Tag Archive for volleyball serve reception

Reader questions on approach, knee slides, and run-throughs

A reader submitted three questions.

  1. Do you prefer a 3 step or 4 step approach for young outside hitters
  2. Is it proper to teach a player to slide to both knees for short serve receive balls
  3. Your thoughts on “run throughs” when passing a ball versus getting a balanced base set?

Let me address them one-by-one.

Approach length

I personally don’t have a strong preference on 3-step or 4-step approach. I know some coaches favor one over the other, but I’m just not one of them. For me it’s more an individual basis sort of thing. Some players do very well with a 3-step, while for others the fourth one definitely helps them.

To my mind, the first major thing new players need to sort out is the last two steps. Those are by far the most important, especially since there are many situations where a player cannot make a full approach. It’s really important for a hitter to be able to use those two steps to open up. If not, they will end up hitting square, which is not good for the back or shoulder.

Slide to knees

I am not in favor of players going to both knees, really in any situation. When I coached the Exeter women I had a player who went straight from standing to both knees to play low balls. And this was one of my middles! I used to cringe every time I saw it. Ouch!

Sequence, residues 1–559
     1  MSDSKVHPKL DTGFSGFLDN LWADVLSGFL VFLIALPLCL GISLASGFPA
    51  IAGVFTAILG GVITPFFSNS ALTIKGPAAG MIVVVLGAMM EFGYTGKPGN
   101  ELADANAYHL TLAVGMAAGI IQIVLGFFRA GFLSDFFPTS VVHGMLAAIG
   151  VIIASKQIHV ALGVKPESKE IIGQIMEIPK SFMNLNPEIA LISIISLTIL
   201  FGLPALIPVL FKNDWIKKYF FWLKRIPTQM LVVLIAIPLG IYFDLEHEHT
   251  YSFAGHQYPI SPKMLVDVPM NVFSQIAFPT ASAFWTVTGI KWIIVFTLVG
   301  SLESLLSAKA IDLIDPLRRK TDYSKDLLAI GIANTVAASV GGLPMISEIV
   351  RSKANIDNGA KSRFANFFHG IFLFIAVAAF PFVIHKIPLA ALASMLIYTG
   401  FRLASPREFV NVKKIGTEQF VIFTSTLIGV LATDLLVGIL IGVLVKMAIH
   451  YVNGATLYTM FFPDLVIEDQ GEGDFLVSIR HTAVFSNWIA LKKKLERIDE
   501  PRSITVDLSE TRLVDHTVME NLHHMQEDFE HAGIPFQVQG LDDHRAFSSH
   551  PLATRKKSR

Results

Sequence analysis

In contrast, one of the Exeter men was excellent at going to one knee to play a short ball in front of him. Think of it as basically a lunge lead step, with the trailing knee then sliding up to be tucked underneath.

My view is that we don’t need players’ knees hitting the floor if we can avoid it. Too easy to cause harm, and given how sweaty kneepads get, they’re bound to leave a wet spot on the floor in the middle of a rally.

The one possible exception to this is when the player is trying to take the ball with their hands. That’s a situation where the ball is perhaps too high for a platform dig or pass. Even there, though, you may argue in favor of a different technique.

Obviously, in emergency situations you have to do whatever it takes. If we’re talking about training techniques, though, I’d not be working on two-knee stuff.

Run-throughs

A run-through is for balls you need to chase down, not for balls you can relatively easily get under.¬†Generally speaking, you will have better platform angle control when you are stable than when running. Why add in the extra variable if you don’t need to?

Favorite drills/games to practice serve receive?

What are your favorite drills/games to practice serve receive?

I see that question, or a variation of it, regularly.

Drills

Here are a couple of different drills I’ve used, or seen over the years. The names are either what I heard them called, or ones I came up with myself that described them. Feel free to change them if you like.

1-2 Serve & Pass is one that lets at least one of your servers be aggressive, but without the problem of having lots of missed serves or one passer not getting many balls.

If you have a large number and want everyone involved, 2-sided Serve & Pass is an option. I actually prefer the Get-2 variation, though, as it gives weaker passers more reps.

A drill that focuses on individual rather than group passing is 8-Person Serve & Pass. This is something that is good if you have a bunch of players to involve. It is also well suited for a more controlled serving and passing set up as it features one server going to one passer. It’s an extension on the idea of Passing Triplets.

Games

I personally like to make things competitive as much as possible. To that end, I often look to do servers vs. passers games. They do not provided the highly focused individual repetitions of the two drills noted in the paragraph immediately above, but they do offer lots of more game-like ones.